Guest blog by Kelsey Ocampo, Two Way Direct
Sometimes all it takes is a cigarette, careless campfire, or stray firework. Then, if conditions are right, a fire can grow to massive proportions, engulfing 3,000+ acres in under 24 hours. Firefighters and first responders of all kinds need to be ready. When the call goes out, this is how they respond.
An effective response starts with fire prevention. Local fire departments constantly monitor local weather and issue warnings to the population to be extra careful with ignition sources when conditions are particularly dangerous. Controlled burns, or “prescribed fires,” may be used to prevent dry vegetation from becoming dangerously thick.
The First Sign of a Fire
When a fire is first reported, wildland firefighters immediately assess the terrain and vegetation in the area and the wind speed/direction to determine where it will spread, then issue a warning to areas in danger.
Bringing the fire under control starts with a fire line to prevent the blaze from spreading at key points. Wildland firefighters do this by removing vegetation to cut off the fire’s fuel source. These fire lines or “fuel breaks,” as they’re often referred to, help prevent more land and homes from burning and create a safe zone that firefighters can work from.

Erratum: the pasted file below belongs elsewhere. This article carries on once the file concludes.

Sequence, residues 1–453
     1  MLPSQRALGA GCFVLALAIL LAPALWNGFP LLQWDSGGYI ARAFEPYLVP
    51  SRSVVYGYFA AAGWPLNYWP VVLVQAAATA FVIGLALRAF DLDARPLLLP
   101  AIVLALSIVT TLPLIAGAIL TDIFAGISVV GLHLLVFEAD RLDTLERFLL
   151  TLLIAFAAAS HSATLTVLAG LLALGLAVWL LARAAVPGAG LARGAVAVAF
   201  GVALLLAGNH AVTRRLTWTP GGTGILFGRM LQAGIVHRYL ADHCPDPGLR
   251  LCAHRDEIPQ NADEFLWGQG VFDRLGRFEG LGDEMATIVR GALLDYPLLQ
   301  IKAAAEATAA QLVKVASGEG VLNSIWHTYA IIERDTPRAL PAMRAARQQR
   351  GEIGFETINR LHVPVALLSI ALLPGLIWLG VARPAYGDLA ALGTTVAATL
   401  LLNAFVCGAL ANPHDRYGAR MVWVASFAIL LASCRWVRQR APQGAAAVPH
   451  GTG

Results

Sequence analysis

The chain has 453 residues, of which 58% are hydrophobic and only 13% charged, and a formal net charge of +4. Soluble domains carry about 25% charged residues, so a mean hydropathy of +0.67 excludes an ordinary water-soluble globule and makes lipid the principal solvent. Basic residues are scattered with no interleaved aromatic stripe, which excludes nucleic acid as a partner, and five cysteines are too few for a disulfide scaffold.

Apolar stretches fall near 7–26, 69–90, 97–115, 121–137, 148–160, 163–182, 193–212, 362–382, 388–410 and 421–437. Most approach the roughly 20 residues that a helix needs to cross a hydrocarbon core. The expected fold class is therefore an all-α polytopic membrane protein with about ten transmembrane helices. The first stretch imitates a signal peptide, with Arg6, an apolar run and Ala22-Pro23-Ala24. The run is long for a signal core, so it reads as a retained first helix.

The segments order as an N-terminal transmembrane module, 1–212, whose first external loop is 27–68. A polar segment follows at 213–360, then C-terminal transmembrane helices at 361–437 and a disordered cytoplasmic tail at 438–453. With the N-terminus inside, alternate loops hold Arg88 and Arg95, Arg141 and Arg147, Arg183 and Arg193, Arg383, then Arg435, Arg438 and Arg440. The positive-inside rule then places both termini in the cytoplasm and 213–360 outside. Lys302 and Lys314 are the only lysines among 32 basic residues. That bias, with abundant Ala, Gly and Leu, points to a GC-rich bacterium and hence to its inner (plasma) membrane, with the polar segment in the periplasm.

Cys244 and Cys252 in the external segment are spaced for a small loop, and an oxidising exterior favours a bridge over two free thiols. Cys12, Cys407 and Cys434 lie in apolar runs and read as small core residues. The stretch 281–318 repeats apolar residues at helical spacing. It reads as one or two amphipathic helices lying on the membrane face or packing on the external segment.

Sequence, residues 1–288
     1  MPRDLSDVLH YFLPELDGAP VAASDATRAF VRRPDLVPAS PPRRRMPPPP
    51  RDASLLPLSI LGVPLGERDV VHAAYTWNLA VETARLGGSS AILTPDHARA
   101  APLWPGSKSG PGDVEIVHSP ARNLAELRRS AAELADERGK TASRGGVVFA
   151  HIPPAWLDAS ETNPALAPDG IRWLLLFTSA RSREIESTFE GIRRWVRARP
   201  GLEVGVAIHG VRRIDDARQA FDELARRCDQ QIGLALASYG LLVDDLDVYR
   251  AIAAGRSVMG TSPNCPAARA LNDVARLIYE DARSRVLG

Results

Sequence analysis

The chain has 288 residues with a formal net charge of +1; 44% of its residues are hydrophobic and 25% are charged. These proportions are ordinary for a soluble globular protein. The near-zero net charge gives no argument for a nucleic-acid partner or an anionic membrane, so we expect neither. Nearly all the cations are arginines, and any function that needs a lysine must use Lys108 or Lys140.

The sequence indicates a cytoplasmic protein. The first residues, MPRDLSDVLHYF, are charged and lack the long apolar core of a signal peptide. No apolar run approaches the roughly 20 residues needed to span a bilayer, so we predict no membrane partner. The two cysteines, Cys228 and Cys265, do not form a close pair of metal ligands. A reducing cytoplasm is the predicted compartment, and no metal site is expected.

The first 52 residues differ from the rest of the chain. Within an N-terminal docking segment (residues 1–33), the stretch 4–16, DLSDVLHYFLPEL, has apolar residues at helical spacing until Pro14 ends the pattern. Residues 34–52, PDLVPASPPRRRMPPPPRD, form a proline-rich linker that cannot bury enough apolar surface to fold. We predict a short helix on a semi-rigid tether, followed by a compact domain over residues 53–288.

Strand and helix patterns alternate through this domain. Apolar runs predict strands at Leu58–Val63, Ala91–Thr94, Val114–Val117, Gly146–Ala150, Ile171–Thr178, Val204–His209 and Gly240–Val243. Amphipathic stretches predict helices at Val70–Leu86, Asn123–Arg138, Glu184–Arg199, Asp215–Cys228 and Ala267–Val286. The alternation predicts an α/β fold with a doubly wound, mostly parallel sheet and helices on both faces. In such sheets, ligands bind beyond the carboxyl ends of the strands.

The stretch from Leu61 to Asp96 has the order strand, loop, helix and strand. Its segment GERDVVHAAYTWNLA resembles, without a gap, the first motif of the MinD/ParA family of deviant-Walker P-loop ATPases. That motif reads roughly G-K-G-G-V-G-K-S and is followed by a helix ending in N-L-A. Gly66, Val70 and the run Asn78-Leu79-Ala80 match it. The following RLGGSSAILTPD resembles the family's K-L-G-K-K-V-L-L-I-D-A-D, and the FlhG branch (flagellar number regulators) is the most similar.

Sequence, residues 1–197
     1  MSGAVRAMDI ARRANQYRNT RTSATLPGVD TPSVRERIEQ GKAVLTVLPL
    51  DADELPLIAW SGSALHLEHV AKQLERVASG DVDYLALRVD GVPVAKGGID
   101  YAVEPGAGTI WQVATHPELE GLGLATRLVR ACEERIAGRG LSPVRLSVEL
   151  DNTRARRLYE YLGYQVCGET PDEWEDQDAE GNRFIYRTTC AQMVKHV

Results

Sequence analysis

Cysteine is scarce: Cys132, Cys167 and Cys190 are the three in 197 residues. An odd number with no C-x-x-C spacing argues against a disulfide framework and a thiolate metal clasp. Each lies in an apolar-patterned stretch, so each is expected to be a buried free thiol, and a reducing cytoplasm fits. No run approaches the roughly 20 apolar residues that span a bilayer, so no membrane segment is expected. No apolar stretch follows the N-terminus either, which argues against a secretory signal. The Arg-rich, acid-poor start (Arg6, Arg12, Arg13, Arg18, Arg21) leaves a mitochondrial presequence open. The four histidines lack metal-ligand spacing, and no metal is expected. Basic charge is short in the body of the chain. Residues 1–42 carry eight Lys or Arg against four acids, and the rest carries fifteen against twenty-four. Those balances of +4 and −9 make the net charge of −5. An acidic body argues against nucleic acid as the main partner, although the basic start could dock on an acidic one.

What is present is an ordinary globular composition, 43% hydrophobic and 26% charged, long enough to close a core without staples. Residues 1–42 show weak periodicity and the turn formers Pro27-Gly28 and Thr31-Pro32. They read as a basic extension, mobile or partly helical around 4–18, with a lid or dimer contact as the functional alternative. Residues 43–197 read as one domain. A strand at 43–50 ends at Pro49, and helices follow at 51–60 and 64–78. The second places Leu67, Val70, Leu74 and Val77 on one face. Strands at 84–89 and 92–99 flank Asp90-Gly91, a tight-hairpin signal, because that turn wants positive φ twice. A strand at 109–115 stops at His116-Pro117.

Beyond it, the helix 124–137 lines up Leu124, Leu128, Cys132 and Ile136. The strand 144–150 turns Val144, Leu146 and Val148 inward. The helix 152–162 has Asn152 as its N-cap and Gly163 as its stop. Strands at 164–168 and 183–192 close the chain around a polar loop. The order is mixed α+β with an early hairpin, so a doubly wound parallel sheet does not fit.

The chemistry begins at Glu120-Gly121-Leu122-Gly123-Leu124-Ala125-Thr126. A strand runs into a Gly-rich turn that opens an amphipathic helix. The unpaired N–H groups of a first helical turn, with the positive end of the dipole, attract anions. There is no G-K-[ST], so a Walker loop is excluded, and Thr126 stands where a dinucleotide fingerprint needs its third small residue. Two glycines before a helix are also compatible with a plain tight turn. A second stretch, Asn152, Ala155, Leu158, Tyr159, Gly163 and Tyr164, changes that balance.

Depending on the size of the fire, creating fuel breaks or fire lines can be an incredibly big job, requiring close communication between fire departments and forestry agencies across municipalities, counties, and states, and sometimes even with the federal government.
Finishing the Job
Forests don’t typically have the best road access for fire trucks, so often helicopters and airplanes dump water or fire retardant chemicals on the hottest areas of the fire from above.
More than 62,000 courageous men and women go above and beyond each wildfire season to keep people safe. There are also efforts by lawmakers nationwide to keep first responders well-funded for training and the latest communication technology.
Kelsey Ocampo is the marketing director for Two Way Direct, a comprehensive provider of radios and wireless communications devices in the United States. She can be reached by email at firstname.lastname@example.org.